If you haven't heard of Alex de Campi, then this is your chance to catch up with the Eisner nominated writer and talented music video director. Alex is the British-American talent behind the wonderful Smoke, and is currently whipping up a storm on Kickstarter with her latest project: Ashes.
The fundraising drive finishes tomorrow, Sunday December 18th at 5:02PM EST. The project has already achieved its target goal of $27,000 but every extra bit of funding helps to publish Valentine, Alex's hugely popular digital comic which has so far had over 200,000 downloads! So if you want to get your hands on a copy of Ashes or help Valentine, get pledging!
I chatted with the talented writer about bringing Ashes into publication, the challenges of the comics industry, and of course what comics she likes reading herself!
"I like that, toiling away in secret then bringing forth the script fully-formed, like Athena from Zeus' migraine."
A lot of comic fans are familiar with you as a comics writer thanks to Smoke, your IDW miniseries, which was a big hit; how did you first get into comic writing?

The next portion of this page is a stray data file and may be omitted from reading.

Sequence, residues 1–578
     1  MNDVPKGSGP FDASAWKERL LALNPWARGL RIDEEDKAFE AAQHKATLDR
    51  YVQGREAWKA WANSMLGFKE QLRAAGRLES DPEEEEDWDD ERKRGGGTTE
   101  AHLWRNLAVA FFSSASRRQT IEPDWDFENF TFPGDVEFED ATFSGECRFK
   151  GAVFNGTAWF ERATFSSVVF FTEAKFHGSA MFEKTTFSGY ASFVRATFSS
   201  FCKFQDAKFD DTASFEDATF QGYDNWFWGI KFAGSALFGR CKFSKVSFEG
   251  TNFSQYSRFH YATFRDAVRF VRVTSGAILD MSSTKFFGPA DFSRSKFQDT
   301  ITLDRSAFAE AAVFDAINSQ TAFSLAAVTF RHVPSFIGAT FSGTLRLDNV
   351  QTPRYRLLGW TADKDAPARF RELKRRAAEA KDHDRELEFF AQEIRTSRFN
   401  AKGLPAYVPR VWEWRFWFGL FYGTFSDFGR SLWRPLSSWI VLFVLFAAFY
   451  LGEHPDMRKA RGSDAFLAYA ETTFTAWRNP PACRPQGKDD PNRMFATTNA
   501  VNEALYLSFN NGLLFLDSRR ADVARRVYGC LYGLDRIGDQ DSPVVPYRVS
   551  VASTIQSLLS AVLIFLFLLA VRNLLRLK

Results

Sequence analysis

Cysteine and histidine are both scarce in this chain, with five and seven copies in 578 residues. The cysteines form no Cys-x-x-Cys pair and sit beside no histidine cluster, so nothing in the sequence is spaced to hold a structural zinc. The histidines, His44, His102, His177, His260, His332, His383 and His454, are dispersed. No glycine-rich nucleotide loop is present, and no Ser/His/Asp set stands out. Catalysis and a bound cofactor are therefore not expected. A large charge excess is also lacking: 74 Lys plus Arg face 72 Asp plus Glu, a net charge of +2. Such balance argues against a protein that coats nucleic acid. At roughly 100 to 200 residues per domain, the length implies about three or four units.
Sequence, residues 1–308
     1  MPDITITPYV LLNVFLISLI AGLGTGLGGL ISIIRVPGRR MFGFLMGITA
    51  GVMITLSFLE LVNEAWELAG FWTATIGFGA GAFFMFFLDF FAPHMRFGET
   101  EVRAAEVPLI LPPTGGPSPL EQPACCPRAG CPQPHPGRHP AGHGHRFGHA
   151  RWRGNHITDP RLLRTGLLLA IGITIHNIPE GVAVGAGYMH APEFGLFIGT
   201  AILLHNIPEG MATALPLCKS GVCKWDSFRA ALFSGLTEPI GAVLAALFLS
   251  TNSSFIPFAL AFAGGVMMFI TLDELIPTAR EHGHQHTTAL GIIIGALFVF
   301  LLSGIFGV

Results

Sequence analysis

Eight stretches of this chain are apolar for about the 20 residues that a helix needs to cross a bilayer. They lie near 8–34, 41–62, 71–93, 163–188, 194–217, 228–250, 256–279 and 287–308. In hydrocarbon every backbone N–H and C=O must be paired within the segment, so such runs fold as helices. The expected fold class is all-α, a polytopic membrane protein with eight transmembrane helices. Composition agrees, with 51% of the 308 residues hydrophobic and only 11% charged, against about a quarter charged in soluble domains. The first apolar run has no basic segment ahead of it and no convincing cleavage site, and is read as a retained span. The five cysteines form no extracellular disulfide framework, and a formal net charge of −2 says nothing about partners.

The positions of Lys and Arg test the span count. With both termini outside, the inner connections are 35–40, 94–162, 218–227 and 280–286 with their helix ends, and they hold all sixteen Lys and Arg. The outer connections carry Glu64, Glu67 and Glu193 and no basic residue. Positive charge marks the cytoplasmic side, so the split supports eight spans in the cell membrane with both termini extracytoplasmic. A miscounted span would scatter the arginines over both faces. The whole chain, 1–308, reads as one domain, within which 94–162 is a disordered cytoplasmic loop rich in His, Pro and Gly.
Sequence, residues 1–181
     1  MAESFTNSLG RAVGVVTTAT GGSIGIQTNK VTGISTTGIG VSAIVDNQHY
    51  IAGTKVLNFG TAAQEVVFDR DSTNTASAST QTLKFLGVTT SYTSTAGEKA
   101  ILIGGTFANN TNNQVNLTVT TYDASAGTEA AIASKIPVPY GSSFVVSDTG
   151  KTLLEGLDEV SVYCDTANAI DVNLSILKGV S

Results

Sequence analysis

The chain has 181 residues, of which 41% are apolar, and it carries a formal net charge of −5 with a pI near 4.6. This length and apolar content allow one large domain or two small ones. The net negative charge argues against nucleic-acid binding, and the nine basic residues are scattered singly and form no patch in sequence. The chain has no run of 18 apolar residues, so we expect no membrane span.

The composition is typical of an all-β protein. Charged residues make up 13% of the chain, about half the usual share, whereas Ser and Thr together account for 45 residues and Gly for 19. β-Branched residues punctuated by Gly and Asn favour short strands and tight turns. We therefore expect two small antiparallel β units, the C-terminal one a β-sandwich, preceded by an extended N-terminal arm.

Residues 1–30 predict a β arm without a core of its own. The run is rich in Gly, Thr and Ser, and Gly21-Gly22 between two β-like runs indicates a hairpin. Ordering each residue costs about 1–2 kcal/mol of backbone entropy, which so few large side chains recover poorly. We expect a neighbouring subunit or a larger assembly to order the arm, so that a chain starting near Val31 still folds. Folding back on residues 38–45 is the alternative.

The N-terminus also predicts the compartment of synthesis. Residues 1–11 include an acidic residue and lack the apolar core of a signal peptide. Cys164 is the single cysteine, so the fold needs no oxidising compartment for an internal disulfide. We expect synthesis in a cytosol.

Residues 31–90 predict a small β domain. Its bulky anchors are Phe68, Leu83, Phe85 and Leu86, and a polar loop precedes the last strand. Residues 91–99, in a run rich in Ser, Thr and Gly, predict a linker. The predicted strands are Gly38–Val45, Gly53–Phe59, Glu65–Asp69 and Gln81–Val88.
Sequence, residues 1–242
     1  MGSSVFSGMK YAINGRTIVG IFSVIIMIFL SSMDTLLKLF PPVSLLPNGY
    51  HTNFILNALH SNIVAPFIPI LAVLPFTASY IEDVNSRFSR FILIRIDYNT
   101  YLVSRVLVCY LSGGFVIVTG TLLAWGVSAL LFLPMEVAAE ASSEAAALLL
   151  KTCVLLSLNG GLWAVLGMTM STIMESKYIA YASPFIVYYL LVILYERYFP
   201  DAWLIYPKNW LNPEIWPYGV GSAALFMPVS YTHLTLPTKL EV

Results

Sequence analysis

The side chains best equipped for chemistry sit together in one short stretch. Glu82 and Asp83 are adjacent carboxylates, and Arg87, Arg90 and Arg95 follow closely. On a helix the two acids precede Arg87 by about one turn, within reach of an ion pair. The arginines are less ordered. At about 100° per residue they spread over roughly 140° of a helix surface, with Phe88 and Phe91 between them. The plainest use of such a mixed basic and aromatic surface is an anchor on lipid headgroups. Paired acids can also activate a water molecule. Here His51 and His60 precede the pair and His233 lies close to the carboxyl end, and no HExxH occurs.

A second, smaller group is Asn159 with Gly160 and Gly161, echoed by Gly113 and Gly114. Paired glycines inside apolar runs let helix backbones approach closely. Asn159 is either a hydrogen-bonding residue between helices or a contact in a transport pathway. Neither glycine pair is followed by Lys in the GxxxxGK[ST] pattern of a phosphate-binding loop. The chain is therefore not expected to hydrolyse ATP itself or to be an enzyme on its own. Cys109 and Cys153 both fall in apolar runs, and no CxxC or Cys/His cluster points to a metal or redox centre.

Alex: I had grown up reading comics – X-men and bad DC fantasy comics – from drugstore spinner racks. Then I discovered boys and rock & roll and put all that aside for a while. Around the time I hit 30, someone gave me a whole pile of really good comics: 2000AD, some of the better Vertigo series from back in the day (Preacher, early Hellblazer, etc) and I got hooked again. I was quitting my job, which was mainly research/nonfiction writing, and comics just seemed so much more fun than doing anything else. Plus, this was London, where there is a very welcoming and supportive "family" of comics creators.
Ashes is a sequel to Smoke but it's also standalone title – tell me all about it!